Saudi Arabia’s Foreign Minister, Prince Faisal bin Farhan
Saudi Arabia’s Foreign Minister, Prince Faisal bin Farhan, said: “What we are seeing is the Israelis are crushing Gaza, the civilian population of Gaza.” Image Credit: AFP file

WASHINGTON:  Saudi Arabia’s foreign minister said there can be no normalisation of ties with Israel without resolving the Palestinian issue, he told CNN in an interview that aired on Sunday.

Asked if there could be no normal ties without a path to a credible and irreversible Palestinian state, Prince Faisal bin Farhan Al Saud told CNN: “That’s the only way we’re going to get the benefit. So, yes, because we need stability and only stability will come through the resolving the Palestinian issue.”

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The foreign minister’s remarks were part of an interview originally taped on the sidelines of the World Economic Forum held last week in Davos, Switzerland, and aired Sunday on CNN.

De-escalation of the conflict in Gaza and halting civilian deaths is a key focus of Saudi Arabia, the minister said.

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“What we are seeing is the Israelis are crushing Gaza, the civilian population of Gaza,” he said. “This is completely unnecessary, completely unacceptable and has to stop.”

Israeli Prime Minister Benjamin Netanyahu has rejected US and international calls for postwar plans that would include a path to Palestinian statehood. UN Secretary-General Antonio Guterres called the refusal to accept a two-state solution “totally unacceptable.”

“The Middle East is a tinderbox. We must do all we can to prevent conflict igniting across the region,” Guterres added Sunday. “And that starts with an immediate humanitarian cease-fire to relieve the suffering in Gaza.”

The Palestinian death toll from the war between Israel and Hamas has soared past 25,000, the Health Ministry in the Gaza Strip said on Sunday, while the Israeli government appeared far from achieving its goals of crushing the militant group and freeing more than 100 hostages.

The death, destruction and displacement from the war is without precedent in the decades-old Israeli-Palestinian conflict. Israeli officials say the fighting is likely to continue for several more months.

The United States, which has provided diplomatic and military support for Israel’s offensive, has had limited success in persuading Israel to put civilians at less risk and to facilitate the delivery of more humanitarian aid.

Very worried

Prince Faisal bin Farhan also said the kingdom was “very worried” that tensions in the Red Sea amid attacks by Yemen’s Al Houthis and US strikes on Al Houthi targets could spiral out of control and escalate the conflict in the region.

“I mean, of course, we are very worried. I mean, you know, we are in a very difficult and dangerous time in the region, and that’s why we are calling for de-escalation,” Prince Faisal bin Farhan told CNN ‘Fareed Zakaria GPS’.

Attacks by the Iran-aligned Al Houthi militia on ships in and around the Red Sea for the past several weeks have slowed trade between Asia and Europe and alarmed major powers in an escalation of the war in Gaza.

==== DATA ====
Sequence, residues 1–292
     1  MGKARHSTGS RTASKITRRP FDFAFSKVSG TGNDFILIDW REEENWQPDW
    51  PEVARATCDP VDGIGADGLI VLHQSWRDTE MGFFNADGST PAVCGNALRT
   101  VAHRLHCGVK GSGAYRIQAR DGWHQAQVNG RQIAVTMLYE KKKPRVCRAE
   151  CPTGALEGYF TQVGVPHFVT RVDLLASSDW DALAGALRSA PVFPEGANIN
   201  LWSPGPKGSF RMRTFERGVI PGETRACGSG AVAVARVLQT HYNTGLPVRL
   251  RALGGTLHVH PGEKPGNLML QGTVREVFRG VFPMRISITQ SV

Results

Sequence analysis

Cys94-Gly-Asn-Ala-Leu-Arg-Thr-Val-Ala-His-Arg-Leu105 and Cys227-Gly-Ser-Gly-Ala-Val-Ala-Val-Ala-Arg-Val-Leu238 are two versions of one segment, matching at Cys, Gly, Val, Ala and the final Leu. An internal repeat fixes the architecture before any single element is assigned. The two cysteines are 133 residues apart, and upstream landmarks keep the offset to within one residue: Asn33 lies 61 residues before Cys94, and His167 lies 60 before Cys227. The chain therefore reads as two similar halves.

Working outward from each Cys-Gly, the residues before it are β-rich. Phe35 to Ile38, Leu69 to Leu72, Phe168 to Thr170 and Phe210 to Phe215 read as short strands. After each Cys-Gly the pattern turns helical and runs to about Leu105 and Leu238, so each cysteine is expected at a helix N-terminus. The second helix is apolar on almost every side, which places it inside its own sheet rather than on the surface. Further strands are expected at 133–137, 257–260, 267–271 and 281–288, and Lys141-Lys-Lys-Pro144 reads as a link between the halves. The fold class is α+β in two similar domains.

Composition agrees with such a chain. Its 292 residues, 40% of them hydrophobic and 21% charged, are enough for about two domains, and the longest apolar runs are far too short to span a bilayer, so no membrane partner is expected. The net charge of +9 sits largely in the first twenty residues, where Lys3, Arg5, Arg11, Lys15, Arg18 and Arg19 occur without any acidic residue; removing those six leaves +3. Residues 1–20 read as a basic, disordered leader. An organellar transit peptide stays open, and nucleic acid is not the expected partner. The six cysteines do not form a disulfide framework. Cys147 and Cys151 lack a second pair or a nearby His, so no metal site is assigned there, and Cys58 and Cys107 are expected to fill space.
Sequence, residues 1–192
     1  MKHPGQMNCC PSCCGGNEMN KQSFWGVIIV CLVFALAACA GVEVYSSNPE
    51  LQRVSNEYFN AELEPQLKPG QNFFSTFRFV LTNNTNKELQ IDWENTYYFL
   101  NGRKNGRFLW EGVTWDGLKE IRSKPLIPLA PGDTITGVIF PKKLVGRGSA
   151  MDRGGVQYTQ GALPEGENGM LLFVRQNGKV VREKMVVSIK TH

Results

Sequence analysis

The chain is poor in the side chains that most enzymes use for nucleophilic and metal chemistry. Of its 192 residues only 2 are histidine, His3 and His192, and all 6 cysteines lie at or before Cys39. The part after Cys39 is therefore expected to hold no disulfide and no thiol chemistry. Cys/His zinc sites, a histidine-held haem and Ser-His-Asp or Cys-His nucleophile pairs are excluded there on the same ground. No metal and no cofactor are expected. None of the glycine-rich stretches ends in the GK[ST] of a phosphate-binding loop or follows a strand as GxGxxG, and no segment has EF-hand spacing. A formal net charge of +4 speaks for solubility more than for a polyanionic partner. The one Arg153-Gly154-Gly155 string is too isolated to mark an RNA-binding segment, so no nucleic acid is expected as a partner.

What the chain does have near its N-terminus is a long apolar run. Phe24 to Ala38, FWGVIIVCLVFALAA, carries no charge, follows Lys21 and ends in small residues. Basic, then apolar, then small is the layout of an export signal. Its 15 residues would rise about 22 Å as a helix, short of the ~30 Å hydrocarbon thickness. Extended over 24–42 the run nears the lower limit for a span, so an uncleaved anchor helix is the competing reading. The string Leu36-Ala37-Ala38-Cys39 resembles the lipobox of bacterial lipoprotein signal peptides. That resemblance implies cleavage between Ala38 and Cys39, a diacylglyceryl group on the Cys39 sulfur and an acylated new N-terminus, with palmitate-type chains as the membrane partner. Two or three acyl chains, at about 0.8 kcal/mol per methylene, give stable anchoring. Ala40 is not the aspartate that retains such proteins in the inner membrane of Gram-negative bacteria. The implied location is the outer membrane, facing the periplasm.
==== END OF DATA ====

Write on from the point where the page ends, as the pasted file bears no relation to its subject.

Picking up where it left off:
The Saudi foreign minister said the kingdom believed in freedom of navigation and wanted tensions in the region to be de-escalated.

“We of course, believe very much in the freedom of navigation. And that’s something that needs to be protected. But we also need to protect the security and stability of the region. So we are very focused on de-escalating the situation as much as possible,” he told CNN.

Al Houthis, who control most of Yemen, say their attacks are in solidarity with Palestinians under attack from Israel in Gaza.

Since last week, the United States has been launching strikes on Al Houthi targets in Yemen, and this week returned the militia to a list of “terrorist” groups.

President Joe Biden said on Thursday that air strikes would continue even as he acknowledged they may not be halting Al Houthi attacks.

US taking attack on troops ‘extremely seriously’

The United States is taking the attack by Iran-backed militants on a base hosting US forces in Iraq over the weekend “extremely seriously,” the White House said on Sunday.

“Multiple ballistic missiles and rockets” were fired by Iranian-backed militants at Al Assad Airbase in western Iraq late Saturday, the US military said, leading to one Iraqi and possible American casualties.

“It was a very serious attack, using a capability of ballistic missiles that posed a genuine threat,” White House Deputy National Security Advisor Jon Finer said on Sunday.

“We are going to respond... to establish deterrence in these situations, and to hold these groups accountable that continue to attack us,” Finer added during his appearance on ABC’s This Week.

“You can be assured that we are taking this extremely seriously.”

Most of the projectiles fired at the base were intercepted by air defence systems, Finer and the Pentagon said.

Since mid-October, there have been dozens of attacks on the approximately 2,500 US troops in Iraq and the around 900 in Syria, deployed there with other coalition forces to fight militants of Daesh (Islamic State) group.

The use of ballistic missiles marks an escalation in the attacks, which had previously been carried out with lower-tech rockets and drones.